Cautious on heated tobacco

| February 16, 2017
caution photo

Photo by Tak H.

In answering a question posed by the Italian MEP, Giulia Moi, the European Commission has reaffirmed that it favors a cautious approach to heated tobacco devices.

In a preamble to two questions, Moi said that a major tobacco company had recently introduced a new product designed as a substitute for traditional cigarettes.

‘The device heats the tobacco, which then releases nicotine,’ she said.

‘Studies which point to a 90 percent reduction in the harmful effects of heated tobacco when compared to cigarettes were in fact commissioned by the very company that makes the product.’

Moi asked whether any independent European studies had been carried out to determine the risks and adverse effects of the use of heated tobacco.

And she asked whether the Commission should do more to raise awareness among European consumers of the ‘potential toxicological risks of using such a substance in this way’.

In its answer, the Commission said it was aware of the recent introduction in some member states of heat-not-burn tobacco products and was closely monitoring developments related to these products. A report on market developments concerning such novel products was due to be prepared in accordance with Article 28(2)(b) of the Tobacco Products Directive.

‘Moreover, in line with the current mandate of the Working Group on Articles 9 and 10 established under the World Health Organisation (WHO) Framework Convention on Tobacco Control (FCTC), in which the Commission is acting as a key facilitator, the WHO will specifically examine novel and emerging tobacco products such as “heat-not-burn” tobacco products,’ it said.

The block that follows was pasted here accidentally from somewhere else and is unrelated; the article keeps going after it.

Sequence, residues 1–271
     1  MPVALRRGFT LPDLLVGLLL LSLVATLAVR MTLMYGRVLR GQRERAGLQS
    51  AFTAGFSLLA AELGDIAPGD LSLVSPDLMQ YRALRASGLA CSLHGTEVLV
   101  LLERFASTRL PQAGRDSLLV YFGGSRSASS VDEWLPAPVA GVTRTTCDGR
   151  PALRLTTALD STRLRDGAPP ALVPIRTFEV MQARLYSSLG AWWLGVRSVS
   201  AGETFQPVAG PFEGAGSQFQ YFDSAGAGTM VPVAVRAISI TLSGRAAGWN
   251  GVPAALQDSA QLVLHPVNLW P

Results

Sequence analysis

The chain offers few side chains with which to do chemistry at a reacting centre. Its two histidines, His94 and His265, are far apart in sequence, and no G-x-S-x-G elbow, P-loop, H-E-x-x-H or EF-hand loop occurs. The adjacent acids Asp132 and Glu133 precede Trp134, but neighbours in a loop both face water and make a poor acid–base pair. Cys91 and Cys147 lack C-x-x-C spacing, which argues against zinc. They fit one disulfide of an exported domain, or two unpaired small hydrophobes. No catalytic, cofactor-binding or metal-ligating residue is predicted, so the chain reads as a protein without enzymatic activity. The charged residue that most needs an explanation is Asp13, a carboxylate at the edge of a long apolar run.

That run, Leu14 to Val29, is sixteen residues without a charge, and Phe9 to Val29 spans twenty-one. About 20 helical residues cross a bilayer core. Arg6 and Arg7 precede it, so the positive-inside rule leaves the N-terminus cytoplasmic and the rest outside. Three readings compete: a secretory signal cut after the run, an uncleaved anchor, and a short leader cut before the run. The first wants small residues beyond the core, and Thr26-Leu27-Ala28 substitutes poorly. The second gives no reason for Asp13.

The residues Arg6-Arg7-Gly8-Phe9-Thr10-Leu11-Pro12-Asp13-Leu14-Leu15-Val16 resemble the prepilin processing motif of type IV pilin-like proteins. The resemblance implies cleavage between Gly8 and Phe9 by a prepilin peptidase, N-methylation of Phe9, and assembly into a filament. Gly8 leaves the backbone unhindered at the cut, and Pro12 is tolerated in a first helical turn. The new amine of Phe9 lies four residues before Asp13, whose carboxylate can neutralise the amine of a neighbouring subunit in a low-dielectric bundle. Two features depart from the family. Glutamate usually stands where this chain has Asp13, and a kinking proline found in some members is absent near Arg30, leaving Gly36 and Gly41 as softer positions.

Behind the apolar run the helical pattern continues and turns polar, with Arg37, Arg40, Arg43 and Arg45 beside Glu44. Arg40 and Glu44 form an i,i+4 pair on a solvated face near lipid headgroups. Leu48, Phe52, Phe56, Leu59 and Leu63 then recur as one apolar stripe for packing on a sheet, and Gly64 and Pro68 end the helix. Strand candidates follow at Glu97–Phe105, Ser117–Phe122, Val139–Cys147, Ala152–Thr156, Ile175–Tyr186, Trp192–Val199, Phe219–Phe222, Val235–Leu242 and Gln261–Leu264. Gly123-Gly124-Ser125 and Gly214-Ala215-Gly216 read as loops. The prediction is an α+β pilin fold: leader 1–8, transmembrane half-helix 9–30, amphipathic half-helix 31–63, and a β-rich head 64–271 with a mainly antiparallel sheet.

‘Given the lack of evidence relating to short-term and long-term health effects and use patterns of “heat-not-burn” products as also described in a recent report from the Dutch National Institute for Public Health and the Environment (RIVM), the Commission favours a cautious approach.

‘With regard to the sale, presentation and manufacturing of “heat-not-burn” products within the European Union, the relevant provisions of the Tobacco Products Directive apply and should be enforced.

‘The Commission has been actively supporting awareness-raising campaigns on the health risks of tobacco consumption and welcomes campaigns at national level tailor-made to the circumstances of each member state.’

The European Commission said that it was in favor of a cautious approach to heat-not-burn products also in a statement reported here on January 20.

On that occasion, the answer, largely the same as that made in reply to Moi, was given in relation to questions raised by the Belgian MEP, Frédérique Ries.

But there was some additional information given.

‘At the same time, the Commission would like to underline that with regard to the sale, presentation and manufacturing of these products within the European Union, the relevant provisions of the Tobacco Products Directive apply and should be enforced,’ the Commission said in part. ‘This includes the ban on misleading elements foreseen by Article 13 and notably any suggestions that a particular tobacco product is less harmful than others. The Commission oversees whether member states fully and correctly apply the provisions of the directive.’

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